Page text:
It’s Rocky Balboa vs. Raging Bull, a third of a century after anyone cares. But Grudge Match, a light-hearted, easygoing affair that coasts along on the charisma of its stars, is better than you might expect, even though it builds up to a final fight that can’t possibly deliver the goods.
Sylvester Stallone stars as Henry “Razor” Sharp, and Robert de Niro is Billy “The Kid” McDonnen, two former boxers who memorably battled each other to a 1-1 tie in two fights, each delivering the only loss on the other’s record. A third fight was set to happen, but Razor suddenly called it off, leaving the world to wonder who the true champion was.
Thirty years later, Razor is working in a factory and The Kid owns a used car lot. Interest in the fighters remains, and both agree to a performance capture that would digitize them for a video game. But when the duo – put in the same room for the first time in thirty years – get into an actual fight on the set, a video of the brawl goes viral.
This sparks dollar signs in the eyes of fight promoter Dante Slate Jr. (Kevin Hart), who gets the pair to agree to an actual match – Razor, because he needs the money, and The Kid, because he wants to prove he’s the true champ. While the press initially balks at the idea of putting these senior citizens in the ring, they eventually prove their worth.
Grudge Match doesn’t exactly explore any new thematic ground, and the storyline is hopelessly predictable, but it has a kind of relaxed charm that almost becomes infectious. A lot of that comes down to the two stars; while de Niro is doing his familiar late-career comedic shtick, Stallone is surprisingly empathetic as Razor. But after six Rocky films, he’s right at home in the role.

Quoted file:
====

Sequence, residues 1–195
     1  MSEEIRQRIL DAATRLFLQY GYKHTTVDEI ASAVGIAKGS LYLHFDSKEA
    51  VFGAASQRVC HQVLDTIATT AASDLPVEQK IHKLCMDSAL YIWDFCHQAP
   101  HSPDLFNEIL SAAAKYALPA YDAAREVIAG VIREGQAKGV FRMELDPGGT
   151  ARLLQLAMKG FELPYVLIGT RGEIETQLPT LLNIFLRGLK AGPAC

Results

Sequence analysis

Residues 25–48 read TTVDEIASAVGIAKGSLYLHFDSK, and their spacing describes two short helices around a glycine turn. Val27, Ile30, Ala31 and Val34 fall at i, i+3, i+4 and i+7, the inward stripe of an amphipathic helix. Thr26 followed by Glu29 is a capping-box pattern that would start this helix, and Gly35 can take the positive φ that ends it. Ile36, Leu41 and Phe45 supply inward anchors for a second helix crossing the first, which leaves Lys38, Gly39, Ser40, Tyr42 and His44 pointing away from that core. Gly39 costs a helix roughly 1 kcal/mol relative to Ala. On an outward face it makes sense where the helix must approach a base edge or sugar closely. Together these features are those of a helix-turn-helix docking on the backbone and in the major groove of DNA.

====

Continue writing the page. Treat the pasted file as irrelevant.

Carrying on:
A terrific supporting cast helps to keep things lively. Kim Basinger stars as Sally, Razor’s old flame who comes back into the picture after seeing him on the news; Alan Arkin is Louis Conlon, Razor’s old manager who returns to train him; and Joe Bernthal (The Walking Dead) plays The Kid’s now-adult, long-estranged son. Serving mostly as comedy relief, Hart livens things up whenever he’s onscreen.
But the big problem here is tone, which wavers uncomfortably between comedy and drama and never really delivers on either front. The film was directed by Peter Segal, a comedy veteran who made Get Smart, 50 First Dates, and Anger Management, but the script plays things straight – only Hart’s loudmouth promoter brings the funny. The film is also never serious enough to work as a drama, and some of the more heartfelt scenes tend to fall flat.
Set in Pittsburgh but shot mostly in New Orleans, Grudge Match has a cheap, rough-hewn look to it that brings a late-70s/early-80s vibe; it may be purely accidental, but it suits the material well.
Despite its flaws, I was going with Grudge Match for most of the ride, right up until the big climactic fight. I’m not what exactly I expected from the two aging stars, but one thing I expected from the script was a good, clean fight that would firmly establish a true champ – but the finale left me wanting.
Be sure to stick around through the end credits for a number of additional scenes, which are funnier than anything in the film itself.